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API: modified methane rules support further emissions reductions

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Hydrocarbon Engineering,

The American Petroleum Institute (API) has issued the following statement following the signing by Andrew Wheeler, administrator of the US Environmental Protection Agency (EPA), of modified methane rules during an event in Pittsburgh, Pennsylvania, yesterday. The modified rules further align the agency with its statutory obligations under the Clean Air Act while enabling continued emissions reductions.

“We support this revision as it is consistent with the requirements of the Clean Air Act. Our industry continues to drive down methane emissions from operations while meeting America’s energy needs every day. Under these modified rules, operators will still be required to control emissions, and the industry continues to make progress in reducing methane emissions through new technologies. Thanks to measurable industry actions, promoted by initiatives like The Environmental Partnership, methane emission rates from five of the largest producing regions across the US have fallen more than 60% from 2011 to 2018 – even as production in those regions has increased dramatically.”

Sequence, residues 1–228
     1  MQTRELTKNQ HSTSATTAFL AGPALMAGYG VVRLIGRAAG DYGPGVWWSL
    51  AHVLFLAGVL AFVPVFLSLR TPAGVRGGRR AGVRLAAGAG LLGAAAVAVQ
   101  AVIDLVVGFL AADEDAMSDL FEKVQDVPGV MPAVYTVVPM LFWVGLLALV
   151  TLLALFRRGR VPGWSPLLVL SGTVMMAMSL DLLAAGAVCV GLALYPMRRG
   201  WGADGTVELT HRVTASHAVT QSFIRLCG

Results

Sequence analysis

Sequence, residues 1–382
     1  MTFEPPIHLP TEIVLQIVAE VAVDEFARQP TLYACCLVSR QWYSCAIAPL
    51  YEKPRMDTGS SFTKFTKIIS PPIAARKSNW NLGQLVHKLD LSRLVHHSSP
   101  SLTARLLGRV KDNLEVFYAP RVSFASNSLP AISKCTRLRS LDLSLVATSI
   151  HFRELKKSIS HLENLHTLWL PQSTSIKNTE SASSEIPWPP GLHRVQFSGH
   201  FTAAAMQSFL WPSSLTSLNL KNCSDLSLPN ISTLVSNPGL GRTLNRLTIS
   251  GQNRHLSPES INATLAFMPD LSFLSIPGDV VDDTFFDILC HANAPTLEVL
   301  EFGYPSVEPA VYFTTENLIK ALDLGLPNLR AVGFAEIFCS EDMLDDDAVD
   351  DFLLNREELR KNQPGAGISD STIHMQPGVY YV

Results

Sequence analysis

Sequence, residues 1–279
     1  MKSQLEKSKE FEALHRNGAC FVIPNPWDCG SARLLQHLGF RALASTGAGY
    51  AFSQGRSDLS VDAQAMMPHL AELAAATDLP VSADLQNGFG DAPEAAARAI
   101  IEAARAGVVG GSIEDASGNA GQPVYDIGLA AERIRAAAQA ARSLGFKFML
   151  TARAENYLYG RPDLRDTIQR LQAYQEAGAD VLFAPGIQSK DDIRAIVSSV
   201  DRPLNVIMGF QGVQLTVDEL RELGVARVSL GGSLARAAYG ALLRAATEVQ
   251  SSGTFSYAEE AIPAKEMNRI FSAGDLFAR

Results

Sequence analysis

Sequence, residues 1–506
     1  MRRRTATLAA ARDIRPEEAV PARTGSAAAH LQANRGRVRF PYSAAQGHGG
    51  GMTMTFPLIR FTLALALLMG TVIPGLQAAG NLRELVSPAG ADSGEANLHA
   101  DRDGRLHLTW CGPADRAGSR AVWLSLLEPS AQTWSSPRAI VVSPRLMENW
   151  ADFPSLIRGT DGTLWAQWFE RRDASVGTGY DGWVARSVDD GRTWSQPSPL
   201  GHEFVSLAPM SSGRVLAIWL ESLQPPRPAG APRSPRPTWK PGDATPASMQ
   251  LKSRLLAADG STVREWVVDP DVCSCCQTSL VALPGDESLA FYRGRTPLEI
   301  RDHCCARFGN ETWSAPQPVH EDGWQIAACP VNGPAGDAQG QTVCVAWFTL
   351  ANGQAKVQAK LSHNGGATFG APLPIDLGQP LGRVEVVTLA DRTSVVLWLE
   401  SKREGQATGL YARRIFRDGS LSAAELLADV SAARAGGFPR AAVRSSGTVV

For nearly a decade, EPA officials have been clear that NSPS targeting emissions of volatile organic compounds (VOCs) “will also decrease methane emissions,” negating the need for another layer of government regulation.

In the Marcellus and Utica Basins, the primary producing regions of Pennsylvania and Ohio, methane emission rates declined more than 75% as production increased from 2011 to 2018. In the Permian Basin, spanning Texas and New Mexico, production surged 170% over the same period, but methane emissions relative to production declined nearly 45%. Production in the the Eagle Ford Basin of Texas grew 140% as well, and methane emissions relative to production fell more than 70%. A study by the National Oceanic Atmospheric Administration also found that overall US methane emissions have remained flat since 2006 despite increased oil and natural gas production.

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